Narek Aleksanyan

“Even art is a lie, but it’s a lie that I need…”

Vahe Hakobyan is a young self-taught Yerevan artist. While he was admitted to the Fine Arts Academy, Vahe had to leave because he couldn’t pay the tuition.

As soon as you step foot in Vahe’s house, the first though that crosses your mind is to steal the mysterious mirror that bhags by the entranceway. When you step further inside, you realize that are greater wonders to be seen.

I won’t be giving away any great secret by saying that Vahe is an artist, a painter. But as Vahe puts it, he’s not a real painter without a diploma. Sometimes this fact creates problems when he wants to exhibit his work.

“I don’t have a specific source of inspiration. Life inspires me, people and their actions. What they create, the beautiful and not so beautiful. Sometimes, I can hear a song and start painting it,” Vahe tells me.

“In reality, painting is also deception because it doesn’t exist, you create it. For example, that landscape painting hanging on the wall isn’t really there. You deceive even in realistic paintings, but people need a certain amount of deception. Reality is very brutal, and people can’t get by without that sweet deception. Even art is a lie, but it’s a lie that I need, and not only me. There are many who derive aesthetic pleasure from lies.”

“Sometimes, there are periods of disappointment. It’s happened that I don’t communicate with friends for several months. Then, they’d call – ‘where’ve you been?’ Surprised by the question, I’d answer – ‘really?

I guess I didn’t notice.’ But such periods are also necessary, for they are replaced with productive bouts.”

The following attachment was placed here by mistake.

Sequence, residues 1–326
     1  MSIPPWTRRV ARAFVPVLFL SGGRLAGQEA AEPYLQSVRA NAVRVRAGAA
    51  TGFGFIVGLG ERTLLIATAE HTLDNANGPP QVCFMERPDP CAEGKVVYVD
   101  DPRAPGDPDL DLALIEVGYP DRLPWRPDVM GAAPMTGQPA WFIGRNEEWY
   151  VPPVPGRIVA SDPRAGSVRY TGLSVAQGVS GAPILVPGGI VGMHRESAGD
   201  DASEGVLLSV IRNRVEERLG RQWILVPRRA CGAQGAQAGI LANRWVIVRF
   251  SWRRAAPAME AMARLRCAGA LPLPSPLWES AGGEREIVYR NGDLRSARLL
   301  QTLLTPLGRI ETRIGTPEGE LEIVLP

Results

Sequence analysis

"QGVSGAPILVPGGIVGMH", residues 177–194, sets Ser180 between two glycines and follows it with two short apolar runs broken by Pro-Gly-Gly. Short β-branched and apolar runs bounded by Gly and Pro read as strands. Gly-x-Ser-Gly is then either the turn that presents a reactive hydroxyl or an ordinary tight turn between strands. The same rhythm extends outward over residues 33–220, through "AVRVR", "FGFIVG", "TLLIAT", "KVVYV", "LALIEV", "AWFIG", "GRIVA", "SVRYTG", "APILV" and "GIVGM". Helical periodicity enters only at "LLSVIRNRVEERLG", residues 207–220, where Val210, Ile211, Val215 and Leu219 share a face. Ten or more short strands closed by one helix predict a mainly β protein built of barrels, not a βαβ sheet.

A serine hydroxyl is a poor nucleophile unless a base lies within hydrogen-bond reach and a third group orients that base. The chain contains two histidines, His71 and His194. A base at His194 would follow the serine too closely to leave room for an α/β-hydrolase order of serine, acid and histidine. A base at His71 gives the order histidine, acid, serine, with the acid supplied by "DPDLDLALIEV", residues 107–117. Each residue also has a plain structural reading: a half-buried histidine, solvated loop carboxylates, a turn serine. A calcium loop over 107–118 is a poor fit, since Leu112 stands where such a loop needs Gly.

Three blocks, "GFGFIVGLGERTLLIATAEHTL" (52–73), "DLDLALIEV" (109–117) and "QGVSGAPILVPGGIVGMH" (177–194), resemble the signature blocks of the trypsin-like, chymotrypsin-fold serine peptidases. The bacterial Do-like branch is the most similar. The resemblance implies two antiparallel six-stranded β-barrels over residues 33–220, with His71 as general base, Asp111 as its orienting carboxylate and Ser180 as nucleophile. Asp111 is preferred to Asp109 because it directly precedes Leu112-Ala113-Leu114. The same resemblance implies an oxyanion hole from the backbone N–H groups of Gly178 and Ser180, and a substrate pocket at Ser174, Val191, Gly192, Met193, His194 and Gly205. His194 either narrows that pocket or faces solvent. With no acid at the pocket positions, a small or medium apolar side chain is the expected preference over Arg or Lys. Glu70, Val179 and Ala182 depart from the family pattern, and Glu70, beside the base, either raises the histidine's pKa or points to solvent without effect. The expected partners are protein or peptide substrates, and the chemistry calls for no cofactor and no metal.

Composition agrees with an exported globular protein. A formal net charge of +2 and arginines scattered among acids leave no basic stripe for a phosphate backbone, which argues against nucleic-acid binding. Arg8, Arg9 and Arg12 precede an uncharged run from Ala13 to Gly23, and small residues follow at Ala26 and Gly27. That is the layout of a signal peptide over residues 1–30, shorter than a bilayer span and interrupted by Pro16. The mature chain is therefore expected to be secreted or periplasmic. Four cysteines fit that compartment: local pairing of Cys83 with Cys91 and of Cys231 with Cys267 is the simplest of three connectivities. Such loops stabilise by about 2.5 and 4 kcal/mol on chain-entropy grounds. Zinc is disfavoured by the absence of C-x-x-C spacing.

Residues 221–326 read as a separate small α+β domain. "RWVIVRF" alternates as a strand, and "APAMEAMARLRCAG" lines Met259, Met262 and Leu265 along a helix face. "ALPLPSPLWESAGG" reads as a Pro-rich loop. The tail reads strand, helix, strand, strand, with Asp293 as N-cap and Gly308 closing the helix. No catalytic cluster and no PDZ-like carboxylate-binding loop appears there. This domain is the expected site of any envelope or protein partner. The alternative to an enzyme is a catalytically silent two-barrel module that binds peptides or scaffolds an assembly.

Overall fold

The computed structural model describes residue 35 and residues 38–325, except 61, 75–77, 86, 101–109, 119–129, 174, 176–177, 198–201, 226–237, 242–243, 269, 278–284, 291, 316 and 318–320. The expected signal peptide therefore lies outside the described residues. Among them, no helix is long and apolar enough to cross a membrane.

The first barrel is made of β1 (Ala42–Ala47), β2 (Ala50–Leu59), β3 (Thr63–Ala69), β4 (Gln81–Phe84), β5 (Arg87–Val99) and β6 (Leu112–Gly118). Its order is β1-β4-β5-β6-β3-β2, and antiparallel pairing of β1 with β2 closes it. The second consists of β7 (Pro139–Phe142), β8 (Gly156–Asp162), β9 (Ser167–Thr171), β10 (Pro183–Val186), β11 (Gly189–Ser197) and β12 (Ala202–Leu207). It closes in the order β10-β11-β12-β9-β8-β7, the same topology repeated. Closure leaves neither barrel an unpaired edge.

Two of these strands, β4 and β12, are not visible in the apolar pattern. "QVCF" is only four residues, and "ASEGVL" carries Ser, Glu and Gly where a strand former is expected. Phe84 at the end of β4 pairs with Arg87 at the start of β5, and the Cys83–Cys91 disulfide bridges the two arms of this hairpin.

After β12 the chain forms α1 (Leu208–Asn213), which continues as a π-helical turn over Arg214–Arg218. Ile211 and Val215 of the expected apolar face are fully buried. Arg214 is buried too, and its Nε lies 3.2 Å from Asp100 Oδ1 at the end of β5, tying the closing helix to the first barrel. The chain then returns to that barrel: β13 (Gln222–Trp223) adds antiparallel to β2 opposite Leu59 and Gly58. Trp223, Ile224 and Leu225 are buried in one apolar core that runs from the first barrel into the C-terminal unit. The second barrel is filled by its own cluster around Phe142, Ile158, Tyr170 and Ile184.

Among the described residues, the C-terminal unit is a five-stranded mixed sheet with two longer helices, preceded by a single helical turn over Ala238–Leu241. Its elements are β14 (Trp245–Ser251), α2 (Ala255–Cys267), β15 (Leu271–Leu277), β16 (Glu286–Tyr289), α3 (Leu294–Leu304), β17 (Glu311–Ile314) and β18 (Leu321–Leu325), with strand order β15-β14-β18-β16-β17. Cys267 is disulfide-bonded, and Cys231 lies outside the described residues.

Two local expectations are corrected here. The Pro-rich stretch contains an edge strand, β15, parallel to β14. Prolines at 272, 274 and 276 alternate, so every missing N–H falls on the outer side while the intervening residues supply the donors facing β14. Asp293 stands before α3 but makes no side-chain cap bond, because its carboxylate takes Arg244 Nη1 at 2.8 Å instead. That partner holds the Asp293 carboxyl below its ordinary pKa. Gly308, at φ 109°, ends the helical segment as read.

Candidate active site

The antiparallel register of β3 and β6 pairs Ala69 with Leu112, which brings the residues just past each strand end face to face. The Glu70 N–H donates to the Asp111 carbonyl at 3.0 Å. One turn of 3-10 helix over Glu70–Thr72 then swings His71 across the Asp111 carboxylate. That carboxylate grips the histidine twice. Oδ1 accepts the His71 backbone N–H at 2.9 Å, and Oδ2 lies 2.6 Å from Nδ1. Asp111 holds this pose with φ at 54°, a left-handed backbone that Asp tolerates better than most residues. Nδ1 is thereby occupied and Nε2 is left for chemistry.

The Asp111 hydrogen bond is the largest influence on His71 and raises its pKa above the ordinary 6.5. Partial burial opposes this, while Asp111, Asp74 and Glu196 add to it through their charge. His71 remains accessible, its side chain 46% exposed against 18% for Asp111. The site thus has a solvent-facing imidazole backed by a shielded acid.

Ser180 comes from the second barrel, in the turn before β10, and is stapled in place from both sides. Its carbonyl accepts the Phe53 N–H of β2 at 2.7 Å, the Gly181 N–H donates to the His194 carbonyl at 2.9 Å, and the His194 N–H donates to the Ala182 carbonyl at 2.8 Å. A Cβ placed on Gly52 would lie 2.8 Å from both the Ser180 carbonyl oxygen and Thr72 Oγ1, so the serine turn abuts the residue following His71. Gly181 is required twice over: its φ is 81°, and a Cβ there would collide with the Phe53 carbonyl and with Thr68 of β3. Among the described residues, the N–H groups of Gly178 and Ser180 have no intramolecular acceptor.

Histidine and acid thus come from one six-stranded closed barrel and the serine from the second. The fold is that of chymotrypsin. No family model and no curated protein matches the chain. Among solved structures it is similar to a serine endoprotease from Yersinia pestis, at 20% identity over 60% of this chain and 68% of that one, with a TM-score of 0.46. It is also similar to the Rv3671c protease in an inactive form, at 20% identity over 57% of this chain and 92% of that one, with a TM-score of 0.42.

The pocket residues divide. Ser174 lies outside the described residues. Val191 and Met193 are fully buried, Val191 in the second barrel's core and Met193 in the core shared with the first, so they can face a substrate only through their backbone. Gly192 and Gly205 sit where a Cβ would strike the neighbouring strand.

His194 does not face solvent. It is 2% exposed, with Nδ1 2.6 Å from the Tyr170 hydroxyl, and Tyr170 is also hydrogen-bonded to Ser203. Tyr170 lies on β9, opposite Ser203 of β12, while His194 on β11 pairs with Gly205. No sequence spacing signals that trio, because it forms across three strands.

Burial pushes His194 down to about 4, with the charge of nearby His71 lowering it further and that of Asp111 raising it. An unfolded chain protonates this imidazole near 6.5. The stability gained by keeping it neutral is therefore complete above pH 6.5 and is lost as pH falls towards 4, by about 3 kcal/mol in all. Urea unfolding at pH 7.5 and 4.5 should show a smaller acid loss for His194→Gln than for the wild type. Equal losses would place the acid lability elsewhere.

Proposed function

“I have works that are liked by many. They call them masterpieces, but they’re only experimental stuff. I can’t specifically say it’s my style. Sure, the attraction is there to paint in that style because it’s also profitable. But if I understand that it’s not the only style I want to paint in, I continue to experiment, both stylistically and in content.”

He trusts his friends more than the neighborhood barber

Mother and son communicate far afield via Skype

Vahe says the view from his window was much nicer before all the recent construction

“I work a few days a week at the Art Café. Of course it’s not the work I dreamed of doing as a kid, but, in a way, it pleases me. Otherwise, I wouldn’t do it, even if the salary was great. The customers are all different and I get ideas just by talking with them. Later, those ideas become an image in my head. I also get a kick when customers don’t believe that the paintings hanging on the walls of the café are the work of the guy who just brought them their beers.”

Vahe’s works on display at Van Gogh, his second studio.